Many aspects of 'modern' living don't tend to go hand-in-hand with staying healthy. Toxins, processed food, eating on the run, over reliance on prescription medications, too little sleep and exercise, and last but certainly not least, the pace and tone of life.
For many people, any given day is often one low grade stressor to the next. Waking up after too little sleep to a jolting alarm, rushing to get out the door for work, dealing with traffic or public transit en-route, arriving just in time to then rush to a morning meeting or a pile of work, followed by a short lunch or eating at your desk, then more work, then leaving to go get kids or deal with the commute home, rushing to get some dinner on the table, and then maybe, we finally get to relax. If, there isn’t homework to help with, kids to put to bed, crying infants to nurse, etc. etc. The list is endless, and relentless!
Now while it may seem that the ideal solution is just to eliminate all stress, of course that really isn’t feasible for the vast majority of us nor is it really necessary, thankfully! The body is equipped to deal with stress and that is inherent in our physiology. The problem is however is that it ISN’T equipped to deal with stress hour after hour, for almost the whole day long and then repeated the next day, and the next and so on.
So let’s explore some of the repercussions of constant stress on our neuroendocrine system, involving the thyroid and adrenal glands, and look at a few simple measures we can take to try and turn things around.
The Brain Stem, Thyroid, Adrenal and Reproductive Glands Communication System
When you look at systems like this, the body truly is a marvel of communication. Chemical substrates secreted from one part of the body move to another, causing a chain reaction of events to happen there, then go to other places and often return to where the chain of command began (which is usually our brain). So, when you think about it, it also seems very unfitting that when we are trying to address a fatigue problem or a thyroid problem or even an ovarian problem, we would simply just try and ‘target’ that gland and think that is going to be enough. All of these organs and others such as the hypothalamus, pituitary, adrenals, and testes communicate in various feedback loop systems (some of which we don’t even fully understand yet) with each other.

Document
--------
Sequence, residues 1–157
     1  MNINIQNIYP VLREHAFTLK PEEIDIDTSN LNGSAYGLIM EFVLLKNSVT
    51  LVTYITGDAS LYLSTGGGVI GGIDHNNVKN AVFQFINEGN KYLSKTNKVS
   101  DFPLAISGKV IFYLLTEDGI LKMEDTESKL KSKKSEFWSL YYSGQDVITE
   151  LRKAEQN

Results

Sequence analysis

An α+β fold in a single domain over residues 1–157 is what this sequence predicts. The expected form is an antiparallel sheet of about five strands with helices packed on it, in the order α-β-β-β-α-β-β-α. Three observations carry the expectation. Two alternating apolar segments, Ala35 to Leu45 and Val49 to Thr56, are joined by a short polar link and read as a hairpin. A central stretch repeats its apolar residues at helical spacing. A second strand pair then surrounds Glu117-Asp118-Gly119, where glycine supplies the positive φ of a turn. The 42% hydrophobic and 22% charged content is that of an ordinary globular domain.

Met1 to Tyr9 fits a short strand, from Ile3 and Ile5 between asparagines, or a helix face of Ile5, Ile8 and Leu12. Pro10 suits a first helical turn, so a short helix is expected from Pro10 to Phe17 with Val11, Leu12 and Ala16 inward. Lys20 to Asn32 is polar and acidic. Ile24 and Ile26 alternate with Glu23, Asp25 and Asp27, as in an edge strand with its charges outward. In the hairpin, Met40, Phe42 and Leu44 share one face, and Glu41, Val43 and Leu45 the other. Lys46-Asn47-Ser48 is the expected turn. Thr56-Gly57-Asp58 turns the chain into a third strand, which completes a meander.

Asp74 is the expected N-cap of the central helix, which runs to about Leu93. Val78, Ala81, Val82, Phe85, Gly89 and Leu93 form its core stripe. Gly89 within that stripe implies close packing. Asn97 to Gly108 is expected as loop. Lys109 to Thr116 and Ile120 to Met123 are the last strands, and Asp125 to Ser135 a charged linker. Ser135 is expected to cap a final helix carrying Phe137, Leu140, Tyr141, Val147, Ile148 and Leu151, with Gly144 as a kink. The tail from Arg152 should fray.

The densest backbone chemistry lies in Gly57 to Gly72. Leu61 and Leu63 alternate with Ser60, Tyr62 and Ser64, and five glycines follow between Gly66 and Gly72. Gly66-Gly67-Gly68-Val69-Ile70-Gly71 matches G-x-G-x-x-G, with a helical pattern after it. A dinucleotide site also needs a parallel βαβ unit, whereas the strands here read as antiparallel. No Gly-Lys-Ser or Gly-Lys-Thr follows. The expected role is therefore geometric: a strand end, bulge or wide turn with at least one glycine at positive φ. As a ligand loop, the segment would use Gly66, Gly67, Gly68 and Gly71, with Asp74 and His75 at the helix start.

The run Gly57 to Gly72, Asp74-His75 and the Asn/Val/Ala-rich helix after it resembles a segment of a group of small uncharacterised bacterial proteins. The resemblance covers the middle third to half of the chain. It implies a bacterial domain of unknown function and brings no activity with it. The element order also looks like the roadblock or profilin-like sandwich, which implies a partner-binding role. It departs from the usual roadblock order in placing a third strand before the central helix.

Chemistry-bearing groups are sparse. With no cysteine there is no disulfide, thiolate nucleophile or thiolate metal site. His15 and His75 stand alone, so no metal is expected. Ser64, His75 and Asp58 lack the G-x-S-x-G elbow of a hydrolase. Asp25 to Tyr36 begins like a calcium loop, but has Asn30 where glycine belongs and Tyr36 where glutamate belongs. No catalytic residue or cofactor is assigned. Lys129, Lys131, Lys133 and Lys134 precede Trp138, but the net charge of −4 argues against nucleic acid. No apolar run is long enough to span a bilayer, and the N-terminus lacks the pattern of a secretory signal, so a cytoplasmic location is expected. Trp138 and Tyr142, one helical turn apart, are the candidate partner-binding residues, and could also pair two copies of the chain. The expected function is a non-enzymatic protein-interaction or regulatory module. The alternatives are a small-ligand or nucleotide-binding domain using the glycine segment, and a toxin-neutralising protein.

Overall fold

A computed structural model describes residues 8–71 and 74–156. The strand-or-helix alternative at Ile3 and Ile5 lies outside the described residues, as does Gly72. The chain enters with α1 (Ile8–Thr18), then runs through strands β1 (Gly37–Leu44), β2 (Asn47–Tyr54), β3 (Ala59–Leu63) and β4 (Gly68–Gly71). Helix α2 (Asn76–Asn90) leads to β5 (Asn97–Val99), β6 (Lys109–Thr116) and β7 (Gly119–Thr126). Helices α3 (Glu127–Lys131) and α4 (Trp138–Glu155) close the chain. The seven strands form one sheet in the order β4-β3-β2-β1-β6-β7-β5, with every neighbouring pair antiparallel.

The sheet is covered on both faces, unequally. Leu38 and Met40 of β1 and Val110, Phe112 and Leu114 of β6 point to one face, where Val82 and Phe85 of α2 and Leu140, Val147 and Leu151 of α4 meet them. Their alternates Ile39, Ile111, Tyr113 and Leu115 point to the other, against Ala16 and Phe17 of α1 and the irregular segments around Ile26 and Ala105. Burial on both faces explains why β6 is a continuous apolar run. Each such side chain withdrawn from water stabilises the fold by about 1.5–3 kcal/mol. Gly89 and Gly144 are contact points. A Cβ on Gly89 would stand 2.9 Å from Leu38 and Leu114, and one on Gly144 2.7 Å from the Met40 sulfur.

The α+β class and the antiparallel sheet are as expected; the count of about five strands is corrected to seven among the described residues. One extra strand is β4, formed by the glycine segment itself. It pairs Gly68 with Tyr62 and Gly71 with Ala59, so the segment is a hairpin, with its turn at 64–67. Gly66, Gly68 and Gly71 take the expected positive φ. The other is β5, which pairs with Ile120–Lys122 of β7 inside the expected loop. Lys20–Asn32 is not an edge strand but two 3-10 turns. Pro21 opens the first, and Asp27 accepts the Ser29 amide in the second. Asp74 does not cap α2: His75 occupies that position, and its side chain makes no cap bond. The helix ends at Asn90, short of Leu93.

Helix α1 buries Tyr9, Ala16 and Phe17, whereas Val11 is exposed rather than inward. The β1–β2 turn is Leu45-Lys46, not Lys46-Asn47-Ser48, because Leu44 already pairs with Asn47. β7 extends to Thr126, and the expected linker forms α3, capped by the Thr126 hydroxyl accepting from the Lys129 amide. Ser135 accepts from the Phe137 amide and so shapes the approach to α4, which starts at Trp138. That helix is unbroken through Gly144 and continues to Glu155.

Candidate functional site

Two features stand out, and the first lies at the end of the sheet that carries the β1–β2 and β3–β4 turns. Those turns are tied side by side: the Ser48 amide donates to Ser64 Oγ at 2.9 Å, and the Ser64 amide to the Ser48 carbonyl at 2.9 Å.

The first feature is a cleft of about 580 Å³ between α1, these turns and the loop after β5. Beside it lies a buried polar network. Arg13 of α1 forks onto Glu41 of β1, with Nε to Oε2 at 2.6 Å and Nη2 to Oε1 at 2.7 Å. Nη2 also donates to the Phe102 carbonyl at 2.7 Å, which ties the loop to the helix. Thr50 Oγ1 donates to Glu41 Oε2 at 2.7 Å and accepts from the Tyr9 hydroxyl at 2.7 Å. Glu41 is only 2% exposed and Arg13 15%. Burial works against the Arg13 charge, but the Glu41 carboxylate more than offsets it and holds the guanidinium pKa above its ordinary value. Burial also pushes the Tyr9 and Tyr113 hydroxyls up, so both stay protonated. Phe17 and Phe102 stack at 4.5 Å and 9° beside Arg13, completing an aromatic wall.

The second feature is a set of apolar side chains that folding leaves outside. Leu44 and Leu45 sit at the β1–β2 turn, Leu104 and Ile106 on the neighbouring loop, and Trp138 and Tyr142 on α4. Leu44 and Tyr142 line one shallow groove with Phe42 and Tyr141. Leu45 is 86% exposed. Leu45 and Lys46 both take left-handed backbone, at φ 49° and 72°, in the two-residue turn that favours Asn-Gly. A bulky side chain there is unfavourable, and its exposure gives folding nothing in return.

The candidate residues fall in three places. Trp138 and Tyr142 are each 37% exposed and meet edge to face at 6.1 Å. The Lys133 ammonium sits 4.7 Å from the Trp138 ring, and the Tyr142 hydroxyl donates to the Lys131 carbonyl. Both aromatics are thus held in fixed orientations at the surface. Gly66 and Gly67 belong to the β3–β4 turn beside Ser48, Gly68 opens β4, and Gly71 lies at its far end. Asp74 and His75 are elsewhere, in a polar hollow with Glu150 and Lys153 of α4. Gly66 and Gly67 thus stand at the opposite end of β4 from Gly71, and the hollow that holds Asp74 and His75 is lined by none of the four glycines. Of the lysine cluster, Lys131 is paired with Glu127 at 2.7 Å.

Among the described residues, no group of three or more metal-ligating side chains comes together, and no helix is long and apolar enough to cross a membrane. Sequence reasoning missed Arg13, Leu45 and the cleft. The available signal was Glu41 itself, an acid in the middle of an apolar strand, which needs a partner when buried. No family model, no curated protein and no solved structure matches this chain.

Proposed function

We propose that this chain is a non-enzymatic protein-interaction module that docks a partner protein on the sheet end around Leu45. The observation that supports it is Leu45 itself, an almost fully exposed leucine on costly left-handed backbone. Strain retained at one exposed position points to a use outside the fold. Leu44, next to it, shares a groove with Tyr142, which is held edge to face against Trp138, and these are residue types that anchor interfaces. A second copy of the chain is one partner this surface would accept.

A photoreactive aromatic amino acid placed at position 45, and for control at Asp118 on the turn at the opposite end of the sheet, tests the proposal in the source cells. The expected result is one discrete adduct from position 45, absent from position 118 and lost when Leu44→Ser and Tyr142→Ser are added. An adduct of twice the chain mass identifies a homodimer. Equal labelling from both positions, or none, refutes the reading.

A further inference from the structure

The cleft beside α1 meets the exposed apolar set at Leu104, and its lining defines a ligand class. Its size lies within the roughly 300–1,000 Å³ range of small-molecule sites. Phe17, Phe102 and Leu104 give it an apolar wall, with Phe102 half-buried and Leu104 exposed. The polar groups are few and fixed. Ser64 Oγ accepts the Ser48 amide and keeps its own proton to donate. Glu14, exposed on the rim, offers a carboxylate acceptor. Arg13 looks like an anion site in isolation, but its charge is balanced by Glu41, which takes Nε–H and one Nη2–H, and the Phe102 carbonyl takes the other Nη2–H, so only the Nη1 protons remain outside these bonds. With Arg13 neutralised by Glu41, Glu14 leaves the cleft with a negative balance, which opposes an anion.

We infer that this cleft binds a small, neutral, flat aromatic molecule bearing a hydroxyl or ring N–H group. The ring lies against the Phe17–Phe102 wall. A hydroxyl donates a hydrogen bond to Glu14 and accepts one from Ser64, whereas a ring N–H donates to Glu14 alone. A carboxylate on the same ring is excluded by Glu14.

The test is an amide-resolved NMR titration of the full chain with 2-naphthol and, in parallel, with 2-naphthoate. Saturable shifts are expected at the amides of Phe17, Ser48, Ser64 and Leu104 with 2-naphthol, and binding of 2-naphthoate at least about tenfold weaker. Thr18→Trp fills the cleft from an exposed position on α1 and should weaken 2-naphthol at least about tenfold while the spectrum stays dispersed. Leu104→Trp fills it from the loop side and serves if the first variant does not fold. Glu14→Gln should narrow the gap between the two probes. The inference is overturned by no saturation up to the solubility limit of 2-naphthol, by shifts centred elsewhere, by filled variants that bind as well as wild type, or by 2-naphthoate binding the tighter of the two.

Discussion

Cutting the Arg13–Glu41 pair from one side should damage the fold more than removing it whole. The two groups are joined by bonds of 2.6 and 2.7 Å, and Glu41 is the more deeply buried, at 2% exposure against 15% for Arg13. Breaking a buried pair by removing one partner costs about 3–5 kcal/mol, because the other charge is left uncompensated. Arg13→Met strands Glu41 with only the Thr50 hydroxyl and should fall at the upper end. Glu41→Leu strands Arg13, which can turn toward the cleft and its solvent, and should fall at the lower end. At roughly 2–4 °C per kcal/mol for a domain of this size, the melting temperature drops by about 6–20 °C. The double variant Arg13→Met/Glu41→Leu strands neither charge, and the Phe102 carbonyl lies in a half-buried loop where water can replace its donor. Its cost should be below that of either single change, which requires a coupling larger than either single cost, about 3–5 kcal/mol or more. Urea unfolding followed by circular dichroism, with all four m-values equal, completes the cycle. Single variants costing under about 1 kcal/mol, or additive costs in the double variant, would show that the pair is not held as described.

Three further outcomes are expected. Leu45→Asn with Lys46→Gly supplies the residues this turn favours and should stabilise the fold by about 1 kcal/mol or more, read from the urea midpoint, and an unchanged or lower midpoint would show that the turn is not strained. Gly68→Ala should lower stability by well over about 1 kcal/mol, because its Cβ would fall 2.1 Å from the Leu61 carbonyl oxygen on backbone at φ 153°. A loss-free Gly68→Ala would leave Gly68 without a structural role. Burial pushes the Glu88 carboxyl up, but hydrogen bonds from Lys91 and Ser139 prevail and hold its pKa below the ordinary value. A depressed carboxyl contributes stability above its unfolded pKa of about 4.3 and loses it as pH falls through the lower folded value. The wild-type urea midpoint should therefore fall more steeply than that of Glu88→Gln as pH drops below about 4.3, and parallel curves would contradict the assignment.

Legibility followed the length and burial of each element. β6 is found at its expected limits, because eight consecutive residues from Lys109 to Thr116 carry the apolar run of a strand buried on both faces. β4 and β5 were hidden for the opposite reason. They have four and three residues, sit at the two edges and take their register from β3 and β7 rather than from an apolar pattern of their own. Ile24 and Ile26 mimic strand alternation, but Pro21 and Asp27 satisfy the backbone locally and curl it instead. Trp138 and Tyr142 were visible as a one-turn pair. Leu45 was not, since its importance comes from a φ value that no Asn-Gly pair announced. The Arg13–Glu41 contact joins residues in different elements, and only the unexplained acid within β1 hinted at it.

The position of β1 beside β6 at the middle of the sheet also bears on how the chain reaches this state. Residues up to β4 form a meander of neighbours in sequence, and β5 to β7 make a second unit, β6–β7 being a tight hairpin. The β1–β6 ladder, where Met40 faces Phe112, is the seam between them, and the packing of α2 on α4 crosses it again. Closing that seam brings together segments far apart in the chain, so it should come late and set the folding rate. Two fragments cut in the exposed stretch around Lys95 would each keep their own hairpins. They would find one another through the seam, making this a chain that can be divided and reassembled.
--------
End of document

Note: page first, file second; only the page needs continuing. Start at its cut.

Chinese medicine talks a lot about ‘Qi’— our vital inherited and acquired energy/life force – and it is helpful to understand that our whole body, when healthy and vital, should be ‘brimming’ with Qi. So, if stressors are depleting our energy faster than we can rebuild it through good food, enough rest, enough activity, etc. our ‘Qi’ can become depleted overall, causing a downturn in the functioning of whole systems and feedback loops. In this case, the adrenals and thyroid tend to especially take a strong ‘hit.’
Our modern state of overwork, inadequate rest and exercise, toxins, poor diet, etc. is a recipe for depletion. We are chronically pushing our neuroendocrine systems into ‘sympathetic overdrive’ (i.e. the ‘fight and/or flight response’), with inadequate amount of time being spent in parasympathetic mode (i.e. our ‘rest and digest’ phase). A hundreds years ago, when life was much more communal and not plagued by many of the modern stressors that we often face now, people didn’t have nearly as many problems with exhaustion, premature hormone decline, and even many lifestyle linked illnesses such as cancer. Thus feeling chronically tired even after a good night’s sleep (or several), needing stimulants like sugar or caffeine to get through the day, low body temperature, hypoglycemic episodes, weight gain, muscle loss, heart palpitations, low sex drive, infertility and more may all be indications there are serious issues at play with your neuroendocrine regulation.
Following the lengthy list of suggestions from the first article in this series a ‘first-line’ therapy for fatigue is definitely warranted here. Start with looking at your habits when it comes to sleep, stress management, and exercise. Implementing simple things like deep breathing, meditation and progressive muscle relaxation may be extremely helpful. A great resource that discusses therapies such as these and others to help you tackle stress is the Relaxation and Stress Reduction Workbook (Mary Davis, et al). I think every busy person nowadays would do well with a copy at home!
Exploring herbs and supplements to help support a healthy and more regulated stress response may be warranted and necessary for many individuals to also consider such as holy basil, rhodiola, magnesium, licorice, and others. Discussing your options with a qualified healthcare provider of course is encouraged when considering to incorporate such items into your daily regimen!
Fiona Caddies is the Founder of www.whitezebra.com
Fiona Caddies lights up a room. Her electric energy, dreamlike love for life and boundless knowledge of health and nutrition is contagious. With an active interest to engage a community of those who are ‘hyperactively healthy’, Fiona dreamed of, and later co- designed, WhiteZebra; a health website set to centralize the teachings of a credible suite of esteemed health professionals which feature a high concentration of current news and practical ideas.
Qualifications: Cert III & Cert IV in Fitness, Poliquin BioSignature Level 2 (Advanced Nutrition, Fat Loss & Hormone Balancing), FMA Strength Coach, Thump Boxing Advanced Instructor, 200 Hour Power Living Yoga Teacher Training
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